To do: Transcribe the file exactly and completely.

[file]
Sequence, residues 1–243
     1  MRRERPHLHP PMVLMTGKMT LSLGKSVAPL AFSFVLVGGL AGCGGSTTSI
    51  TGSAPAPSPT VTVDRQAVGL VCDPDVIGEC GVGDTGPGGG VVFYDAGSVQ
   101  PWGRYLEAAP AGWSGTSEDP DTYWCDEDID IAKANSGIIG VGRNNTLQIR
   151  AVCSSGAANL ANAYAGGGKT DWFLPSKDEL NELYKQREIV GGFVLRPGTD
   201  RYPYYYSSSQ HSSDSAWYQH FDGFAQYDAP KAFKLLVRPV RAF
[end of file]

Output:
Sequence, residues 1–243
     1  MRRERPHLHP PMVLMTGKMT LSLGKSVAPL AFSFVLVGGL AGCGGSTTSI
    51  TGSAPAPSPT VTVDRQAVGL VCDPDVIGEC GVGDTGPGGG VVFYDAGSVQ
   101  PWGRYLEAAP AGWSGTSEDP DTYWCDEDID IAKANSGIIG VGRNNTLQIR
   151  AVCSSGAANL ANAYAGGGKT DWFLPSKDEL NELYKQREIV GGFVLRPGTD
   201  RYPYYYSSSQ HSSDSAWYQH FDGFAQYDAP KAFKLLVRPV RAF